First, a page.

It is actually easy to speculate why those dentists did not offer any help. Here are some of the putative reasons:

  • Dentists are trained to repair teeth. This is their primary job. Once their clientele no longer has any teeth, their income situation will deteriorate
  • If there is only a small number of teeth left, they proceed to creating more or less complicated dentures, which should be partly tooth supported as long as possible (according to a traditional dentist's thinking)
  • Every removal of a tooth potentially eats away at a dentist's future income. The worst-case situation is reached once two full dentures are delivered because these two dentures will virtually last forever and cost next to nothing
  • Patients are therefore being told throughout life that it is important to save every single tooth for as long as possible to “provide retention” for to a future denture
  • Patients rarely realize at that stage of their lives that they will anyway never be willing to wear a removable denture, nor do they understand that their meticulously “saved” teeth do not help at all as soon as a certain level of breakdown of their dentition has happened (and that happens sooner than one would imagine). Only fixed teeth (on natural teeth or on implants) provide resistance to masticatory forces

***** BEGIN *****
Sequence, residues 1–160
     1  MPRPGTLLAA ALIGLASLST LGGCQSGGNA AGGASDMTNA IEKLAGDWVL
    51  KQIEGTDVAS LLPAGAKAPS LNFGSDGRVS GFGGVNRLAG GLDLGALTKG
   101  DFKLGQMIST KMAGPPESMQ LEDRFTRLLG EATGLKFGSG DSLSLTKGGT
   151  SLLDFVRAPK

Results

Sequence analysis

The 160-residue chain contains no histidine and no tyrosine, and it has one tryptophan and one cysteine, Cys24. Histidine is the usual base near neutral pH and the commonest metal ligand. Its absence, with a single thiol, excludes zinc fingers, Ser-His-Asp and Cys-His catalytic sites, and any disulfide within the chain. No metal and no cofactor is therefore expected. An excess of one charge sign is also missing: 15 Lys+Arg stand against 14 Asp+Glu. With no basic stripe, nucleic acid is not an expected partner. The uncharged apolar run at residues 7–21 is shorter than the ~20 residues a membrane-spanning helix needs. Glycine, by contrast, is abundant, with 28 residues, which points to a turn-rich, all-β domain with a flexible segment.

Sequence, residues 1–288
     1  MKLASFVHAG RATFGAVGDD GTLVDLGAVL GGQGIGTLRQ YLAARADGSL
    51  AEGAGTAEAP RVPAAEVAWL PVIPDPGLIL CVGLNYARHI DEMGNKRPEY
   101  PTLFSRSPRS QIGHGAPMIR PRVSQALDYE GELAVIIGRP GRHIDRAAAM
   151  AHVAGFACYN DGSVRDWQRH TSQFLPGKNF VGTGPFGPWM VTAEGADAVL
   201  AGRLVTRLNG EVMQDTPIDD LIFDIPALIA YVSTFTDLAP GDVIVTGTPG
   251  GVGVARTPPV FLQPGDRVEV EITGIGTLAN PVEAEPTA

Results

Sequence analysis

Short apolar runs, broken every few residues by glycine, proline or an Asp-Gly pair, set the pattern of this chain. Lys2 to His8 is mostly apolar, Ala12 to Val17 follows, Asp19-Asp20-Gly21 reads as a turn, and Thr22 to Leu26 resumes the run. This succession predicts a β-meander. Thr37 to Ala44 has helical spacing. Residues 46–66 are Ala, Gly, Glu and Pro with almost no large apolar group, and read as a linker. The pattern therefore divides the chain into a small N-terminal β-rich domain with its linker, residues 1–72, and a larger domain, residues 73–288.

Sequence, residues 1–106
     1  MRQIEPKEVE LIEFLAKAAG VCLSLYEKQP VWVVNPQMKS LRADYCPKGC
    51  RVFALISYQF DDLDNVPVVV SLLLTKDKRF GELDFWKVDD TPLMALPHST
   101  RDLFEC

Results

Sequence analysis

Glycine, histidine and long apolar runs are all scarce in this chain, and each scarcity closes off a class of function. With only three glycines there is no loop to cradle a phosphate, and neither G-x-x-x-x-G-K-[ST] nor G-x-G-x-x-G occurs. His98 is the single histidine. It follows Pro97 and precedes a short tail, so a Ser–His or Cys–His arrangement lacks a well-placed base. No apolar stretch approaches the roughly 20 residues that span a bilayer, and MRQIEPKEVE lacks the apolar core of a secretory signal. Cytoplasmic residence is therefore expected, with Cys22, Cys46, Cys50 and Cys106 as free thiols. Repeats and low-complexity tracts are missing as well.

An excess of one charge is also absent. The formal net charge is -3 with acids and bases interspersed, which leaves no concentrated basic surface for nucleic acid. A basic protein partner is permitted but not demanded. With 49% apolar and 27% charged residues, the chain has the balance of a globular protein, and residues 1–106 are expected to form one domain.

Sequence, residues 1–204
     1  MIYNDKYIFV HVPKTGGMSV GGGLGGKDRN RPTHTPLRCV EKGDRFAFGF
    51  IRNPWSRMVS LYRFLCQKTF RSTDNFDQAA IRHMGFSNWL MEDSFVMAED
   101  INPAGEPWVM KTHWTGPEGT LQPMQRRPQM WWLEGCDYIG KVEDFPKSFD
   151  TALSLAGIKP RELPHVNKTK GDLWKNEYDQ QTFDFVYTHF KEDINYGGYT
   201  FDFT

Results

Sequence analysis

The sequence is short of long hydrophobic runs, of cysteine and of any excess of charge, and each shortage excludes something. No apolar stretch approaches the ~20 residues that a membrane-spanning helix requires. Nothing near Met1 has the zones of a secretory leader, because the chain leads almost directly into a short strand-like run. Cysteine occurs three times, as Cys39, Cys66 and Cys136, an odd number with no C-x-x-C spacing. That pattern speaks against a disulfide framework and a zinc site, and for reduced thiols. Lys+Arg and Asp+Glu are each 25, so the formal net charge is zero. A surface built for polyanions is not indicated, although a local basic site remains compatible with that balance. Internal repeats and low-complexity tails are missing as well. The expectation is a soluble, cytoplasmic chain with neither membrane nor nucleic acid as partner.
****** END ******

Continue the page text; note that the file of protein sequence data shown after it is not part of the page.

• Obviously, the vast majority of today's dentists in many countries act on the basis of outdated (from a technical point of view) parameters, objectives, and beliefs. Moreover, as a result, a large number of patients in the European Union remain untreated
  • It should also be mentioned that our treatment, while it has helped the patient a lot, has hurt the income situation of an unknown number of dentists. Overall, those dentists have lost much more money than we charged patient. If this happens, it can actually be detrimental to the spreading of a given technology, especially in highly regulated health systems or in health systems where the market of (conventional) dental implants is held captive by a few surgeons
  • Dentists in most countries prefer to insert complex designs on teeth (tooth-supported crowns, conical crowns, and telescopes combined with intricate dentures) because the financial rewards are considerable and because these designs can be sold to a segment of the population that can well afford it
  • Surgically oriented practitioners, more specifically maxillofacial surgeons, are “by nature” not interested in simple dental-implant solutions because they generate at least 30% of the implant-related income by adding “bone augmentation” to the treatment plan. In fact, this interest group loses most of its business with the appearance of the technology of the Strategic Implant ®: Bone-block transplants were previously their domain, and typically, the adjacent implant therapy was performed by them as well. The technology of the Strategic Implant ® places implantology as such back in the hands of the specially trained dentist-implantologist
  • It should also be mentioned here that practical and effective dental implantology is not taught at any university in the EU at present.